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STEPHEN POLLARD: The Labour row over Israel poses a test for Keir Starmer that will show us just what kind of Prime Minister he would be


To understand the importance of Sir Keir Starmer‘s support for Israel’s right to defend itself from terror, consider where we might be if his predecessor had still been Labour leader.

To this day, Jeremy Corbyn has found it impossible to bring himself to give a full and unambiguous denunciation of the massacre of Jews on October 7, the worst since the Holocaust.

This comes as no great surprise because he once notoriously described Hamas, the terrorist organisation responsible for the atrocity, as his ‘friends’.

But things are very different now at the top of the Labour Party. Sir Keir has been steadfast in arguing that Israel has a right to defend itself.

But only at the top. The crisis that is now engulfing him as a result of his support for Israel exposes just how superficial much of his cleaning up of the party has been.

For many Labour members, the very word ‘Israel’ is enough to send them into paroxysms of irrational hatred. And while Corbyn may be gone, most of those who elected him and supported him as leader are still members – and are still pushing the same poisonous views.

To understand the importance of Sir Keir Starmer ’s support for Israel’s right to defend itself from terror, consider where we might be if his predecessor had still been Labour leader

To understand the importance of Sir Keir Starmer ‘s support for Israel’s right to defend itself from terror, consider where we might be if his predecessor had still been Labour leader

To this day, Jeremy Corbyn has found it impossible to bring himself to give a full and unambiguous denunciation of the massacre of Jews on October 7, the worst since the Holocaust

To this day, Jeremy Corbyn has found it impossible to bring himself to give a full and unambiguous denunciation of the massacre of Jews on October 7, the worst since the Holocaust

It’s ironic that Sir Keir’s entirely correct stance over Islamist terrorism – which any decent person would surely condemn – is responsible for the worst crisis he has faced as Labour leader, with MPs, councillors and party members – and reportedly some members of the shadow cabinet – incandescent with anger that he is refusing to back down over his support for Israel’s action against Hamas. 

One Labour councillor, Shaista Aziz, yesterday attacked Sir Keir for ‘a poorly phrased tweet that referenced Hamas’s hostages’. I had to read her words twice to comprehend that yes, she really was criticising the Labour leader for calling for the release of the hostages. Meanwhile, more than 150 Muslim councillors are reported to have written to the Labour leader demanding he calls for an immediate ceasefire. Sir Keir has pointedly and rightly refused to back such calls, knowing that they mean giving Hamas the freedom to resume their activities.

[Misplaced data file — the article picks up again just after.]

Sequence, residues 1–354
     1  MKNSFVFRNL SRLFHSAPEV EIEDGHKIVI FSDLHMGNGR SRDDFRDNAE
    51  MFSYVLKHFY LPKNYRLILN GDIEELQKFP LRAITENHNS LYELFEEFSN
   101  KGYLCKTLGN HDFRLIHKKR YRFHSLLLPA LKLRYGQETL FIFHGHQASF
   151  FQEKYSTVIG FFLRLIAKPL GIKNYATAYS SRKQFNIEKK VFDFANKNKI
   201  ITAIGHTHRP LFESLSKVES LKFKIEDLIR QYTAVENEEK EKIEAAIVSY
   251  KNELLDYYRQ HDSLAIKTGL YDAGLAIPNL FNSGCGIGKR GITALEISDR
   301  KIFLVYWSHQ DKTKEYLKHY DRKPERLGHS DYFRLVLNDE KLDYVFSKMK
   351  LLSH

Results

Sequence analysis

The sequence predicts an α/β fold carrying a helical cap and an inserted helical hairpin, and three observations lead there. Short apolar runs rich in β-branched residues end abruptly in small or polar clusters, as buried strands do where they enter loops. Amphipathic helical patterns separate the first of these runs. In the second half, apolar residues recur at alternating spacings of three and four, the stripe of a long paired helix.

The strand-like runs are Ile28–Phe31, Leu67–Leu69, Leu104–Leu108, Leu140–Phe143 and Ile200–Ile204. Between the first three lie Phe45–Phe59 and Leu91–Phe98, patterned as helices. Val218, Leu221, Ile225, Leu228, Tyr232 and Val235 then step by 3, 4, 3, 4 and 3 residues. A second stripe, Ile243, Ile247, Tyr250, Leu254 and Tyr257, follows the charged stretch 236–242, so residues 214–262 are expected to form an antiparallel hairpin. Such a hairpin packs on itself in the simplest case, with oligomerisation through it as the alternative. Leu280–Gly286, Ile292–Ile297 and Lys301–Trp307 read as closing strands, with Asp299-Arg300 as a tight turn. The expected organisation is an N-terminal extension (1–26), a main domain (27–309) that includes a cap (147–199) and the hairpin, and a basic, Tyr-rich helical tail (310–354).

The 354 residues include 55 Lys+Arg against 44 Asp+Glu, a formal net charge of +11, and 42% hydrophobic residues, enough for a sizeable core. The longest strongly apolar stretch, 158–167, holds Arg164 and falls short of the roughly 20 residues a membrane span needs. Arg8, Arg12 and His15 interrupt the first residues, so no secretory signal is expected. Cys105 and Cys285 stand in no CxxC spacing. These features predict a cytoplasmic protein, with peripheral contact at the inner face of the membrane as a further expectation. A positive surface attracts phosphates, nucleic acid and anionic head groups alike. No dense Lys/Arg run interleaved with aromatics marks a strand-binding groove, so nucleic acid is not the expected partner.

At yesterday’s Prime Minister’s Questions, Labour’s shadow equalities minister, Yasmin Qureshi, opposed this stance by demanding a ‘humanitarian ceasefire’ in Gaza, saying people were subject to ‘collective punishment’ for ‘crimes they did not commit’.

Some 23 councillors have already resigned from Labour in protest at Starmer’s position and in Oxford – where six councillors resigned – the party has lost its majority on the council.

Every resignation, every protest and every condemnation by party members of Sir Keir’s stance shows the depth of Labour’s problems.

Yesterday, Sir Keir and his deputy, Angela Rayner, met MPs who are angry with his stance on terror. 

One Labour councillor, Shaista Aziz, yesterday attacked Sir Keir for ‘a poorly phrased tweet that referenced Hamas’s hostages’

One Labour councillor, Shaista Aziz, yesterday attacked Sir Keir for ‘a poorly phrased tweet that referenced Hamas’s hostages’

According to reports of the meeting, he stressed that he has always said that Israel must adhere to international law, which it always does when it fights. Unlike Hamas, which deliberately butchers civilians.

This is a serious test for Sir Keir and the way he responds to it will teach us much about what sort of prime minister he might be should he win power.

There are already signs that the pressure is getting to him. In an interview with LBC on October 11, Sir Keir appeared to agree that Israel had the right to cut off the supply of power and water to Gaza.

But yesterday he tweeted that supplies of ‘aid, fuel, water, electricity and medicines must be urgently ramped up’.

If he buckles, he will only confirm the claims of his critics who see him as a man who will say or do anything that gets him off the hook in any given crisis.

If he stays firm, however, he will demonstrate he can be resolute when it matters.

Stephen Pollard is Editor at Large of The Jewish Chronicle



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